If you want to store this deployment yaml, perform the below steps within the kubernetes directory.
That wraps up the hello deployment and now we can move on to Prometheus for monitoring our hello application.
Part 5: Monitoring with Prometheus
This deployment will have several extra steps, as we need to give prometheus permission to monitor other pods in our cluster.
Checking out the Prometheus documentation, we know we will need a config file that prometheus will reference to know what to monitor. We will use a kubernetes configmap resource for our deployment to use.
Inside ~/devops_02/kubernetes/prometheus create a file called prometheus.yml and place the following inside. On the last line replace the text with the output of (without 'https://' ):
Create and check the configmap with:
We will be adding alertmanager to this in the next section.
Now create the deployment, expose it, and then pull the yaml into a file called deployment.yml:
We will be updating this deployment file, but we need a few things first. We must create the following to ensure that prometheus can communicate with the entire cluster.
- service account
- cluster role
- cluster role binding
I am not going to explain these, but check out the docs for more. Just copy the code below and add it to a new file called permissions.yml
Those are essentially three separate yaml configs in one file. So lets apply them:
Now open up your deployment.yml file and add the service account information and volume for our configmap. Mine looks like the following (notice the second spec container for prometheus. There is now a service account name right aboce "container" and a volume added and referenced by the container):
At this point, you may get errors if you try to apply -f, so I am going to use the --force flag. This is not recommended in production. Always use caution when forcing. This is a learning demo and we will want to override this rather than delete and recreate the deployment.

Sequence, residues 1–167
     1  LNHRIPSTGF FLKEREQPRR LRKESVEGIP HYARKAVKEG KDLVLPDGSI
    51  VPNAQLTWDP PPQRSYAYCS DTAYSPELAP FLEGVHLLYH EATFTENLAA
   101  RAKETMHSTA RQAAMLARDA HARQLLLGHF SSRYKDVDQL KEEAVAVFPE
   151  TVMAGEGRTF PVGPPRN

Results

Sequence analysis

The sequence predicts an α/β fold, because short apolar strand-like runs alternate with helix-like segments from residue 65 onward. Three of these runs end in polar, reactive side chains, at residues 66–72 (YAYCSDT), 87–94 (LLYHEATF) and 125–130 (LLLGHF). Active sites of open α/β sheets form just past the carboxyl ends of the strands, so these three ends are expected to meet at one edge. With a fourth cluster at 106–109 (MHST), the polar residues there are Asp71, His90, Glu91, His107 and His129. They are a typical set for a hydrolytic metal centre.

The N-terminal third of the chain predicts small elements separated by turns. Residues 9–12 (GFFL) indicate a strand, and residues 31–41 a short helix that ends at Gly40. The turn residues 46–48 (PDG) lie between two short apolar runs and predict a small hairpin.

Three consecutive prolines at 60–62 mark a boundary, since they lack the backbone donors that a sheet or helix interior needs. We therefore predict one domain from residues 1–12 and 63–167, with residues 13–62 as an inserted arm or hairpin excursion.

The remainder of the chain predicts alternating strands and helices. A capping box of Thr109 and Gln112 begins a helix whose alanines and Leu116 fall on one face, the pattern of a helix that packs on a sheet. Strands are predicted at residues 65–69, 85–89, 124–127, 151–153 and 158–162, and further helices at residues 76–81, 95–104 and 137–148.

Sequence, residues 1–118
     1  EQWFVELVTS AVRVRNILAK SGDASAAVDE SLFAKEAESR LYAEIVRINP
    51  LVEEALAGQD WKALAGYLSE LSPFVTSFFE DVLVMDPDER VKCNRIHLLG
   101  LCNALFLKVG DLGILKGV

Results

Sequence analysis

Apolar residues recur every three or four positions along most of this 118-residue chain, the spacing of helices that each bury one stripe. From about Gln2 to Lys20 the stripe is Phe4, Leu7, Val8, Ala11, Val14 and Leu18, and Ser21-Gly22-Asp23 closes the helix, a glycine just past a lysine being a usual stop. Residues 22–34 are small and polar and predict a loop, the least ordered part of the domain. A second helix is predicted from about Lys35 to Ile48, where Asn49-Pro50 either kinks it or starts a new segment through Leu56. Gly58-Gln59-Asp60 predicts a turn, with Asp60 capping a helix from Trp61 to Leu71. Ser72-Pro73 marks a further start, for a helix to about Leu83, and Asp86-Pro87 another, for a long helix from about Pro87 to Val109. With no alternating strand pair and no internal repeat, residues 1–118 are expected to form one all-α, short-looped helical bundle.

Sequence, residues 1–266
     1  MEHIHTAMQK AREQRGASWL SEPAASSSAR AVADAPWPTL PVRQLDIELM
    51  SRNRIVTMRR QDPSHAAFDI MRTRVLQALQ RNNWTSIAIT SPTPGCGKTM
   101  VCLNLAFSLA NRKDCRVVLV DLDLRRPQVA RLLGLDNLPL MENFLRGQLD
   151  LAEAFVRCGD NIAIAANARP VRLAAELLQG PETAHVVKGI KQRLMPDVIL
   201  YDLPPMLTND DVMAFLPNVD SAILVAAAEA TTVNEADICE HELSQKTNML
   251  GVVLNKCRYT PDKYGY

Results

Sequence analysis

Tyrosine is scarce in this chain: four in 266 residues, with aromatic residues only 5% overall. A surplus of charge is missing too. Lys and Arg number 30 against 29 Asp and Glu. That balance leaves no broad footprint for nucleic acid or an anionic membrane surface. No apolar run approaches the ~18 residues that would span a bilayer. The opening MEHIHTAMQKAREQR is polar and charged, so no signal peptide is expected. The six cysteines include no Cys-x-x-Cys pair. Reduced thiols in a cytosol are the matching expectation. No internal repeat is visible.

Now open prometheus in the browser and check the status of Hello
Navigate to "Targets" and check to see if your service is being monitored and says UP
to test, jump over to your console and run
The status should now say DOWN
then you can scale it back up
Part 6: AlertManager
What good would just monitoring alone be, if the application does not alert us when a failure happens? That's where alertmanager comes in. In our case, we want alert manager to alert us when our hello application goes down.
Looking at the docs, we need rules set up for prometheus, as well as the alertmanager image running in tandem with our prometheus image (sharing the deployment).
lets add the rules to our configmap:
open configmap.yml and add the rules.yml | section within the data segment (see below).
Then delete the old configmap and apply it
Finally, let's create the alertmanager configmap and add the alertmanager image (and volumes) to our deployment.yml:
open a new file called alertmanager.yml from within our alert manager directory
For this step you will need to have a slack account with admin access. Install the 'Incoming Webhook' app and then generate a webhook url in the slack portal. Replace 'Webhook URL' with your slack webhook url. Also, I have created a channel called #alerts for AlertManager to send messages to.
Save it and create the configmap
Open ~/devops_02/kubernetes/prometheus/deployment.yml and make sure your spec looks like this (notice the alertmanager container and volume mounts)
Save it and apply it
If done correctly, your prometheus deployment should be standing with both containers in the pod.
Go ahead and test your alerts by scaling the hello deployment down
And we are done with the monitoring portion! Be sure to bring it back up for the next session
Part 7: Jenkins and Selenium Testing
For this part I installed Jenkins to my local machine and will be using python selenium to run my test cases with chromedriver.
Go ahead and set up your jenkins and log in (checkout devops_01 for initial setup information if needed)
Now lets jump back into our directory and if you haven't already mkdir testing
Open a new file called hello.py
Replace the driver URL with your URL from
We also need a requirements.txt file that includes
Then download chromedriver and place it in testing
Add and commit your repo and then push it. Then head over to your jenkins and create a new freestyle project.
For source code use 'GIT' and add your git creds if you haven't already.
Then under 'Build' select 'Execute Shell' and paste the following
Save that and run it! You should see it as a success. If you brought down the hello deployment, it would fail.
I know this was a long post, but I think it will be valuable to you going forward in your learning process. If you want some quick maven experience, check out Maven in 5 Minutes.
Thanks, and good luck!